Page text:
Book Review | Bring Me Back by B. A. Paris

bring me back

Book Description

Disclosure of Material Connection: I received this book free from the publisher through St. Martin’s Press and Netgalley. I was not required to write a positive review. The opinions I have expressed are my own and I appreciate the opportunity to receive an advanced reader copy to do so. I am disclosing this in accordance with the Federal Trade Commission’s 16 CFR, Part 255 http://www.access.gpo.gov/nara/cfr/waisidx_03/16cfr255_03.html> : “Guides Concerning the Use of Endorsements and Testimonials in Advertising.”

Book Review | The Girl Before by JP Delaney

the girl before

Cannot wait to see how the movie directed by Ron Howard turns out! This book was definitely psychological! From the very picky architect who “screens” applicants to stay in his intricately-detailed home in London to the quirky applicants themselves who take the chance to live there, this book was quite a ride.

Edward Monkford has specific (and I mean, specific) ideas for the tenants who reside in his pristine home, and only after the applicant meets the requirements is SHE allowed to stay. At the beginning of the novel, I thought it was odd at first, but as I read on, the reasons why he has such high standards begins to unfold, and to say that the owner of the home is narcissistic is an understatement.

The story jumps back and forth between Jane who lives in the home now, and Emma, who lived there before, hence the title. Similarities begin to emerge in their personalities, and interactions between the owner and others who notice the women living in the home begin to shed light on what is really happening inside of the four walls. I loved the suspense and the ending. I was annoyed with Jane at some points, because her strength seems to get stripped away as the book moves forward, however it is essential to the plot line. Some of it was predictable, but some of it wasn’t, and to me, that makes for a fun read! I would read from this author again.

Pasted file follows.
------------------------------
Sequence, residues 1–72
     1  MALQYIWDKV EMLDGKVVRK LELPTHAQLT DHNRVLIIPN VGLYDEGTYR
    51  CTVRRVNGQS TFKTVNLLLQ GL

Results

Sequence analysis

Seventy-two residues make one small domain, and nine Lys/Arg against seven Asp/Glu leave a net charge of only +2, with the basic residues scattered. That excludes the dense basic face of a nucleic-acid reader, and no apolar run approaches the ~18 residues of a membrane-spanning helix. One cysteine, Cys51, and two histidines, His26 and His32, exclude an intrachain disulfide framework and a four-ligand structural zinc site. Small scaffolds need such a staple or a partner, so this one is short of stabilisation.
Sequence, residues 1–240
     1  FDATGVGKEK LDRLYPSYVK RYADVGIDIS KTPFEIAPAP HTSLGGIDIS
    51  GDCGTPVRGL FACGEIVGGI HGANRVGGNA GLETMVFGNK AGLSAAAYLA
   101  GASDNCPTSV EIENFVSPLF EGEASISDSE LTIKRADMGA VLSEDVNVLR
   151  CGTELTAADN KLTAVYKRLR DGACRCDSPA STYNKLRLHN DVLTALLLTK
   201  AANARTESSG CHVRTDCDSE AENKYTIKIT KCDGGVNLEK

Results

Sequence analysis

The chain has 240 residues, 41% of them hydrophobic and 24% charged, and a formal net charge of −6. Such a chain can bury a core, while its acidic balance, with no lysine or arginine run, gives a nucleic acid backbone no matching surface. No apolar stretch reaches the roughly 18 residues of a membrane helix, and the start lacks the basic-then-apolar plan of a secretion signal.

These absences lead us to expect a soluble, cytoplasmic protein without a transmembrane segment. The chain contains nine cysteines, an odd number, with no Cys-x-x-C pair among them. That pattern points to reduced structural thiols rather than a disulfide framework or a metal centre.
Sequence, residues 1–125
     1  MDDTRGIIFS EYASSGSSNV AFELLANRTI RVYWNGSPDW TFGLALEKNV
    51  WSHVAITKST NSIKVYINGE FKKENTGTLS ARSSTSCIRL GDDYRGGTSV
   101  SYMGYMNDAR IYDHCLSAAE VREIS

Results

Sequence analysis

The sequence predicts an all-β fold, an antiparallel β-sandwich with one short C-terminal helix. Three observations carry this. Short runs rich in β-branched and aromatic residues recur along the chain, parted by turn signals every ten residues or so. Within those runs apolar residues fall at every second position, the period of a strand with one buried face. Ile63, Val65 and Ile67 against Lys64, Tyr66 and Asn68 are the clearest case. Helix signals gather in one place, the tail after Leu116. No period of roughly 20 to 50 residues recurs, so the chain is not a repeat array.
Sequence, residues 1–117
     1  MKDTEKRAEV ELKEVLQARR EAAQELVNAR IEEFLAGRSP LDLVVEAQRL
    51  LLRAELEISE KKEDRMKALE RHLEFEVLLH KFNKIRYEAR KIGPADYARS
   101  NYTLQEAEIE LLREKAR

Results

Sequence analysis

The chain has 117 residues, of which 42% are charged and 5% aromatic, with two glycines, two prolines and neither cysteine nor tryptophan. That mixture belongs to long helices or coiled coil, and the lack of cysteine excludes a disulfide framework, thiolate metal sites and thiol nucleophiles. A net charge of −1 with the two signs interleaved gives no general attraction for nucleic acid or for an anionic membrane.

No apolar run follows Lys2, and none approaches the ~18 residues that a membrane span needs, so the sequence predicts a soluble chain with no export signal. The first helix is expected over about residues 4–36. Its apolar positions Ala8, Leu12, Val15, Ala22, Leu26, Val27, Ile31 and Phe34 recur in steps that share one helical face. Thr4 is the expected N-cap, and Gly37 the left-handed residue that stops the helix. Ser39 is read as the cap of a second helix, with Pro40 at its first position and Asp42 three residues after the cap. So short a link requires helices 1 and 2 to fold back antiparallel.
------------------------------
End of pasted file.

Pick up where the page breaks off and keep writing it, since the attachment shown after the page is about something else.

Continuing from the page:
Thank you to NetGalley, JP Delaney and the Random House Publishing for the opportunity to read this advanced reader copy.

Book Review | And Then She Was Gone by Christopher Greyson

and then she was gone

I love mysteries, and this one did not disappoint. This story follows Jack Stratton, a 17-year old, who has goals of going into the military and becoming a police officer, mostly a detective. In his neighborhood, a woman goes missing and he jumps into the case, interviewing coworkers, family members and those in the vicinity of her disappearance. When her body finally turns up in a park, he continues to interview bystanders, and gets a slap on the wrist from the local police department for impeding the investigation. But he just can’t seem to help himself. He is drawn to figuring out who the killer is, and won’t believe that the police have the right person in custody.  He continues his own investigation amidst attempts by his parents, police and others to stop, but his persistence is unmatched.

Jack is an adopted child who had a very hard upbringing until he landed in a loving family. His desire to prove himself is evident and though sad at times, he grows up and learns lessons throughout the book.  When certain testimonies don’t add up, he keeps pushing until it makes sense.  This is definitely a novel that will take off into other novels, and Christopher Greyson has them laid out on his website. I found it to be a little juvenile at times, but I think that is because the main character is a young teenage boy, who hasn’t fully grown up yet.

I liked the book and would read other works by Greyson. Much thanks to him, NetGalley and Greyson Media Associates for the advanced reader copy in exchange for an honest review. Best wishes on your future works!